Consecrating the Diocese of Kansas City-St. Joseph to the Immaculate Heart of Mary

“Behold, your mother!” John 19:27

Dear Friends in Christ,

One of the hidden and dangerous temptations of the Christian life is to think we can manage on our own, and call upon God only when we need reinforcements. It’s probably a combination of pride, hubris, and simple forgetfulness. There are several “patron saints” for this condition. Here are a couple of them: Saint Peter, who famously said to Jesus, “Even if I must die with you, I will not deny you” (Mt 26:35); and Saint Martha, who was “anxious and troubled about many things,” while overlooking the “one thing necessary” (cf. Lk 10: 41-42).

Jesus was under no illusions about how weak we all are, knowing the zeal of the enemy to divide and destroy us, going so far as to reassure Saint Peter and the other apostles: “Simon, Simon, behold, Satan demanded to have you, that he might sift you like wheat, but I have prayed for you that your faith may not fail; and when you have turned again, strengthen your brethren” (Lk 22:31-32). Saint Paul adds in his letter to the Ephesians, “For we are not contending against flesh and blood, but against the principalities, against the powers, against the world rulers of this present darkness, against the spiritual hosts of wickedness in the heavenly places” (Eph 6:12).

If this sounds scary, it should, but we should not give in to fear if we trust in God and follow his commands. First, we must remain “in Christ.” We do this by allowing him to remain in us. This is principally realized through the faith-filled reception of the sacraments, especially Reconciliation and the Holy Eucharist. Similarly, we remain in Christ by living the moral life laid out for us by his Church so as not to break our communion with Jesus. We also follow the words of Saint Paul in the sentences immediately following the quote above from Ephesians: “Therefore take the whole armor of God, that you may be able to withstand in the evil day . . .” (v. 13). He goes on to be specific about what is included in the “armor of God” in the verses that follow.

Another gift from Jesus to help us in the spiritual battle is something, or rather someone, we can easily overlook: his Mother, the Mother of the Church (our Mother), Mary. Throughout the liturgical year, the mystery of the Mother of God is set before us to contemplate. In God’s wisdom and choice, he entrusted his eternally begotten Son to Mary of Nazareth, and Jesus entrusted us to her as members of his mystical Body: “Behold, your mother!” (Jn 19:27). Throughout two thousand years of Christian history, Mary has been the special advocate, powerful intercessor, and protector of Christians against the devil and the spiritual hosts of wickedness. Her heart is also turned to the many who do not yet know her Son and still live without the guiding light of Christ.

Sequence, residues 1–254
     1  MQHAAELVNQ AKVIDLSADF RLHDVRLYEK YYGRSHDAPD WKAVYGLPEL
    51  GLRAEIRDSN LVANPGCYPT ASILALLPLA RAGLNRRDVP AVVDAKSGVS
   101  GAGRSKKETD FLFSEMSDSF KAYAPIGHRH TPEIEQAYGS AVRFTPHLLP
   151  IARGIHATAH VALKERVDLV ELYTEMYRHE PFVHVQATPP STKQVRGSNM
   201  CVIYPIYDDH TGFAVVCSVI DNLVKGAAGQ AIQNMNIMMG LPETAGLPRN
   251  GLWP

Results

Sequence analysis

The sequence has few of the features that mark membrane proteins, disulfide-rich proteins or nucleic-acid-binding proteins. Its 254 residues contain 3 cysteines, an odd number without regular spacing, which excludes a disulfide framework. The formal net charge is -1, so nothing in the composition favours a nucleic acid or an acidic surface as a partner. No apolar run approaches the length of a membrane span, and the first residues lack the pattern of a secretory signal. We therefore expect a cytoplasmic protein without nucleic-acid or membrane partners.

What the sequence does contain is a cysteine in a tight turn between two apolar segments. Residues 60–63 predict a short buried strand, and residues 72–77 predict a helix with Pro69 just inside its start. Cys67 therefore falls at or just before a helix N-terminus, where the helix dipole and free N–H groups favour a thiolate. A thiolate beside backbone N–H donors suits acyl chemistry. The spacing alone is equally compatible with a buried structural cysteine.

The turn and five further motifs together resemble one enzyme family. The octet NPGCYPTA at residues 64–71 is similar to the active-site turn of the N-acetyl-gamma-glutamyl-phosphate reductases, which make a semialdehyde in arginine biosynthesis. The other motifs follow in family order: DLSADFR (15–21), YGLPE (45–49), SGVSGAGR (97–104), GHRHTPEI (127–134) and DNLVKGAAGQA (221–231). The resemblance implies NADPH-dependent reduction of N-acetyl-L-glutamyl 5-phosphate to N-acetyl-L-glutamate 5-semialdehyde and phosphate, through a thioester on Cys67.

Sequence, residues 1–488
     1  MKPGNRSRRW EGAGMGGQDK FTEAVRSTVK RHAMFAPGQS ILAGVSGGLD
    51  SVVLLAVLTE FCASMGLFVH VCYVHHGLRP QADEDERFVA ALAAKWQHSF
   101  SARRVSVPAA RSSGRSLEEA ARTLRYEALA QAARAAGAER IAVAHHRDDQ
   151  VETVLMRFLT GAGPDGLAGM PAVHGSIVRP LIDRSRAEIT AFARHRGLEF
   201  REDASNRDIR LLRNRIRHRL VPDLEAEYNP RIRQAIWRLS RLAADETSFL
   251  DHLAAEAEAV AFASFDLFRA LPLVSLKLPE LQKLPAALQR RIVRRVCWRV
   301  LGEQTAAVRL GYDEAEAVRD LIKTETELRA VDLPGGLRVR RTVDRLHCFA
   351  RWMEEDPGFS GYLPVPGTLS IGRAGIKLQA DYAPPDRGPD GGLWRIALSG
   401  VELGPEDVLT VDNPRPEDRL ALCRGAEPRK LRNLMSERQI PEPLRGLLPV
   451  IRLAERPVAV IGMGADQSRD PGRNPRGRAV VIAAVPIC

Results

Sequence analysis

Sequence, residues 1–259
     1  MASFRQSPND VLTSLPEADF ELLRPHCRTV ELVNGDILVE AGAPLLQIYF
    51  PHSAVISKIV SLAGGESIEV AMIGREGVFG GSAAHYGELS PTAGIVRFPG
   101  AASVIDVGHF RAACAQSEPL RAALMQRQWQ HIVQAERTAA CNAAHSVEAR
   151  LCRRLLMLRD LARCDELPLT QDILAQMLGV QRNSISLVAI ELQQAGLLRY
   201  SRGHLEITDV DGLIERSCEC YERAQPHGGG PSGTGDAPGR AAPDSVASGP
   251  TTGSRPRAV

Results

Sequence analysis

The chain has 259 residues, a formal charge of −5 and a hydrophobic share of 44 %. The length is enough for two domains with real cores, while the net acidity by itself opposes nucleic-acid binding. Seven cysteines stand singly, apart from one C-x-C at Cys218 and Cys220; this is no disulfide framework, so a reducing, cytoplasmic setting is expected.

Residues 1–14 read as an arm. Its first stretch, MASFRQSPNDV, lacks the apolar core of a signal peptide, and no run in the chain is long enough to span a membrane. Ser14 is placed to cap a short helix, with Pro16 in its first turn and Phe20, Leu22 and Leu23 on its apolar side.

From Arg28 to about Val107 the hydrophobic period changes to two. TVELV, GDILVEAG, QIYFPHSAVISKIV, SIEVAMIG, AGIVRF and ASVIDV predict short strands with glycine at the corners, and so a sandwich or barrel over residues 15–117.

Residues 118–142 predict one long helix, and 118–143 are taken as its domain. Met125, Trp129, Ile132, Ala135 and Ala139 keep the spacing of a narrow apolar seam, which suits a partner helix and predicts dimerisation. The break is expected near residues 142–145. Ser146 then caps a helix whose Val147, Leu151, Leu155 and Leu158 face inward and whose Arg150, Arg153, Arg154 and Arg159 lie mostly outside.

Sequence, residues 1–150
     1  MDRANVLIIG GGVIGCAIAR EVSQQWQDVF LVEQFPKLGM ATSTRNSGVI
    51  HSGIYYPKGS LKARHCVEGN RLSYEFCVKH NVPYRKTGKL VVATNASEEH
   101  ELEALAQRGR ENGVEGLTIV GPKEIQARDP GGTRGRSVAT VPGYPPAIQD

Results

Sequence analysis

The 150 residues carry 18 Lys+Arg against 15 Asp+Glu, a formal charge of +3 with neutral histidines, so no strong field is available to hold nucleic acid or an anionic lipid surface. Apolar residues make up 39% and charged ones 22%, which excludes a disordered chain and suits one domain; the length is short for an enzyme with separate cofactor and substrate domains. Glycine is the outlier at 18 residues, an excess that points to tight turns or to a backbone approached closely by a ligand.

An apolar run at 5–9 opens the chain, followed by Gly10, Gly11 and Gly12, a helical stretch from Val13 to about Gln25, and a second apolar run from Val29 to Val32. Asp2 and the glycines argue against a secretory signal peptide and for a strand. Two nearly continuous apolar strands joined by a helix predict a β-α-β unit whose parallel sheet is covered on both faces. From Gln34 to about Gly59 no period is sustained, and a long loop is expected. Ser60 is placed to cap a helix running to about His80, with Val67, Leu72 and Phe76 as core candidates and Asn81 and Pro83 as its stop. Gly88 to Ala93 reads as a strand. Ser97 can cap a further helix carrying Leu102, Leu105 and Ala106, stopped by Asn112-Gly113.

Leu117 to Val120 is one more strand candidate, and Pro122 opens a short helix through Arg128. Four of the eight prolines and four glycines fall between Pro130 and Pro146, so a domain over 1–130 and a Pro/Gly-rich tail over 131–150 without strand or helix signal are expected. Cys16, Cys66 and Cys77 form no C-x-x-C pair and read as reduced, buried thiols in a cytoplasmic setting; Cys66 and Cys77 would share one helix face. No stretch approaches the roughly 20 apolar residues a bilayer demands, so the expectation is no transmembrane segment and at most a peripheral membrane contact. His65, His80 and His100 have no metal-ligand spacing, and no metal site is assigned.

This year, 2017, marks the 100th anniversary of the apparitions of Mary to the three shepherd children at Fatima in Portugal. The Catholic Church confirmed that these supernatural events are worthy of acceptance by the faithful (although they add nothing to Divine Revelation which concluded with the death of the last apostle). The secrets that Mary revealed to the children at Fatima served to be prophetic for the century that followed. Mary’s plea was for humanity to turn back to God in faith, repentance, and prayer (especially the Holy Rosary) for mercy and peace. To refuse would mean disaster in this life, and possibly hell in the next. She also specifically predicted the Second World War and the rise of atheistic Communism and the errors it would spread throughout the world, including the persecution of the Church and an assault on the dignity of the human person.

As your bishop, I am often reminded that my labors, and yours, in service of the Kingdom of God are inadequate. To trust in our own efforts alone is to set ourselves up to be “sifted” by the devil. We should not see our lives merely as something we create on our own. We need supernatural help—individually and as a diocese. That is why I have decided that I will consecrate our diocese to the Immaculate Heart of Mary on the anniversary of the first appearance of Mary at Fatima, this May 13, 2017. As the Father entrusted his Son to the Heart of Mary, so we will entrust ourselves as his members, the Church of Kansas City-St. Joseph, to the Heart of Mary. In doing this, we will ask Mary to be our help to never be separated from the Sacred Heart of her Son, and that our lives and work, like hers, will always be aligned with God’s holy will.
I will consecrate our diocese, and I intend for our pastors to lead all of our faithful in these prayers of consecration in all of our parishes. In the weeks that follow, I will provide more information and guidance on how we might all prepare as individuals, as families, and as a diocese.
In a simple sense, to “consecrate” something is to set it apart for a holy purpose. As we journey through our time in history, we do so as a people of hope, confident in the love of Christ. As his disciples, let us follow his example and always rest on the heart of Mary.

Sincerely yours in Christ,

+ James V. Johnston, Jr.
Bishop of Kansas City-St. Joseph


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November 25, 2020
The Diocese of Kansas City ~ St. Joseph